“Both classes we have here right
now have done a lot of classroom preparation, a lot of field
time at Camp Lejeune, and what we do here is sort of bring
all that together and test the individual skills they've
learned in more of a riverine environment,” said Bullard, a
retired master gunnery sergeant who served in the infantry
for 24 years. “[Both classes have] had the opportunity to
shoot at an extensive variety of ranges at Lejeune. The RSTM
students have done a lot of patrolling, land navigation and
cache sweeps, learning their specific jobs. They've learned
all the radios, both what is specific to the boats and for
the RSTM, what they'll be using on the ground. Now it's all
being tied together here on the Cape Fear River.”
Quartermaster 1st Class (SW/AW) Fernando Ortiz, RCC
graduate, said that he had to tap into all the knowledge and
training he'd had up until now to do well during training.
“It's nothing like anything in the Navy,” Ortiz said.
“There's so much involved. There's communications, engines
you gotta know. Weapons, navigation, how to drive. There's
so much tied into it. Yeah, I'm a quartermaster, but I'm
also doing a gunner's mate's job. I'm also doing a
boatswain's mate's job, an engineer, an [electronic
technician's] job. There's so much tied into being a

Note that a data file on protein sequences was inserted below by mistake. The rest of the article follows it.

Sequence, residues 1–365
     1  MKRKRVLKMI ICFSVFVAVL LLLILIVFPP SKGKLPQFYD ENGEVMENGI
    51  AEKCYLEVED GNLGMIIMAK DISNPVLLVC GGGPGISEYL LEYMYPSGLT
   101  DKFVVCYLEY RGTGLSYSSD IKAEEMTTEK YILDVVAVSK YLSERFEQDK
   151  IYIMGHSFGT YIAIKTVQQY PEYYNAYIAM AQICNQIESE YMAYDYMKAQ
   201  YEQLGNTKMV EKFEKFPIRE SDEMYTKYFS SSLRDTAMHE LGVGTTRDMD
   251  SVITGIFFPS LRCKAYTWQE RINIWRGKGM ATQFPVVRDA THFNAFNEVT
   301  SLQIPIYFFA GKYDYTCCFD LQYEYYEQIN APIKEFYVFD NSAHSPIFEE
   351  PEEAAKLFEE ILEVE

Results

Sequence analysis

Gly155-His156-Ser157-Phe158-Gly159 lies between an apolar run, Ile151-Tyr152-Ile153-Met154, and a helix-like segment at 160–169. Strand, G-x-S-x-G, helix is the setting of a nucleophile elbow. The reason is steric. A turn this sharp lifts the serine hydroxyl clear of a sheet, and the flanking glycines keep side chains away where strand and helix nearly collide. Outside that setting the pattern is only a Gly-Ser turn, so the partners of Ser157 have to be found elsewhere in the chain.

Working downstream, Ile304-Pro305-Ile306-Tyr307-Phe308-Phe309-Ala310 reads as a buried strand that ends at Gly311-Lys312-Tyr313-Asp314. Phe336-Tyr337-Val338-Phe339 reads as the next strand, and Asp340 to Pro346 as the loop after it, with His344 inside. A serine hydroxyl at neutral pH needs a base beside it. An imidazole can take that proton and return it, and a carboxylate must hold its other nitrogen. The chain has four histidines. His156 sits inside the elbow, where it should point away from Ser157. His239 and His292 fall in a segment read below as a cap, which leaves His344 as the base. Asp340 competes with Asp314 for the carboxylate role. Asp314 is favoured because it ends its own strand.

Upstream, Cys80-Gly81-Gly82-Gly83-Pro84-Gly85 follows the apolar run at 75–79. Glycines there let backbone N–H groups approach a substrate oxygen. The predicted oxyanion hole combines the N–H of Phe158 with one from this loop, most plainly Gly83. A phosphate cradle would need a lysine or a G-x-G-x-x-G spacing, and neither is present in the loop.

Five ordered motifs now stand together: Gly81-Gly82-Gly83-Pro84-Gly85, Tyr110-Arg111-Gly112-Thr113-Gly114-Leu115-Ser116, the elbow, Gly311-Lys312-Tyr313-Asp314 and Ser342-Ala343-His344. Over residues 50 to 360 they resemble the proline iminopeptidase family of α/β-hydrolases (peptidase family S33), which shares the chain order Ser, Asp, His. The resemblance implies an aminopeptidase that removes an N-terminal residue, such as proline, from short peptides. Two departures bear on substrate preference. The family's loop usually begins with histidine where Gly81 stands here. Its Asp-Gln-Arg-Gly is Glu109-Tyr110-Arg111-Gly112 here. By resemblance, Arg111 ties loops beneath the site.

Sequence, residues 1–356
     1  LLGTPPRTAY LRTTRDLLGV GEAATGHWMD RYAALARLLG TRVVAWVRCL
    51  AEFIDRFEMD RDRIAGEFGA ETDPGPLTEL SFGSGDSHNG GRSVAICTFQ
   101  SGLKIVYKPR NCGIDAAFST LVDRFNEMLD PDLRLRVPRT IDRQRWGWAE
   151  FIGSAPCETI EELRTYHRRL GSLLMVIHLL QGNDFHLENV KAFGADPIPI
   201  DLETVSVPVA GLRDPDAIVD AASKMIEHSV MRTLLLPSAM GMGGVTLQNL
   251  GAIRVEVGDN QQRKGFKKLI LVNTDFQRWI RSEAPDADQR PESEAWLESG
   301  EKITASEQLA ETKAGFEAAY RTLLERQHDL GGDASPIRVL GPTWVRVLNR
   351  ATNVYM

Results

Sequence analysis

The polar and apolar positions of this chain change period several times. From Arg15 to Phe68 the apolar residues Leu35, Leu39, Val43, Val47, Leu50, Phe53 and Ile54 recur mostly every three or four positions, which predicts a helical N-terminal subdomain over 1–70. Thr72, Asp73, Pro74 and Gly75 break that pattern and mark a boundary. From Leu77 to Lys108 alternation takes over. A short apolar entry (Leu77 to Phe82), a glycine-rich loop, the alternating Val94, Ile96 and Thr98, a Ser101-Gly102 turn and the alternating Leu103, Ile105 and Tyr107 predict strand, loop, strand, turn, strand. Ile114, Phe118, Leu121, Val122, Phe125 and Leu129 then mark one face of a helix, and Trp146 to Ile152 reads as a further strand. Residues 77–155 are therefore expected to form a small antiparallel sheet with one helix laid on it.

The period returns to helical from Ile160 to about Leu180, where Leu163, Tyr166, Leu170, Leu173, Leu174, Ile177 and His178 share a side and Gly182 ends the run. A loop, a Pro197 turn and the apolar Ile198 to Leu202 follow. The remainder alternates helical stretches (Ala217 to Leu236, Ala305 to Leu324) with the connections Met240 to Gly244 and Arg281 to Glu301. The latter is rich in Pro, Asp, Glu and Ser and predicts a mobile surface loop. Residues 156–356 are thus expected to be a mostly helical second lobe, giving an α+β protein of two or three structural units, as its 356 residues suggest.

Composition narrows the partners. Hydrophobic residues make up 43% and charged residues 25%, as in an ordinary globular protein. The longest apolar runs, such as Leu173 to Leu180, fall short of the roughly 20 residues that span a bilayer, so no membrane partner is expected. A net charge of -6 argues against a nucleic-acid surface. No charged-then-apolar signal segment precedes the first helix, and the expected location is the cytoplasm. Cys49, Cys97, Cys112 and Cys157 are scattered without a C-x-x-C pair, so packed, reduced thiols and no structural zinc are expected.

riverine that you have to know.”
This assessment was
the first opportunity for the RCC students to pilot the
Riverine Assault Boat (RAB) and Riverine Patrol Boat (RPB)
as a crew in a littoral environment, as well as for them to
integrate with the RSTM students.
Living in tents in
an expeditionary camp near the water made the conditions
more challenging for the students than the classroom
environment they'd been working in at Camp Lejeune,
according to Bullard.
“I don't think they've ever
been exposed to anything like this,” Bullard said. “The
weather up here has been hot. They're out there for long
periods of time. They're gonna get tired, they're gonna get
wet, they're gonna get hungry. They're in an expeditionary
environment, and that's gonna carry over into everything
that they do here.”
Master-at-Arms Seaman Brianna
Tran, RSTM graduate, said the irregular schedule, with day
and night operations, was the most challenging part of the
course for her.
“Definitely the lack of sleep,” Tran
said. “Just staying in the game, keeping your head in the
game. You gotta be on your toes at all times. You can't take
that break in the middle of it.”
Bullard said while
the integration of women into this training is new for
everyone involved, the only thing the instructors are
concerned with is whether they are meeting the standard,
which must be gender neutral by law.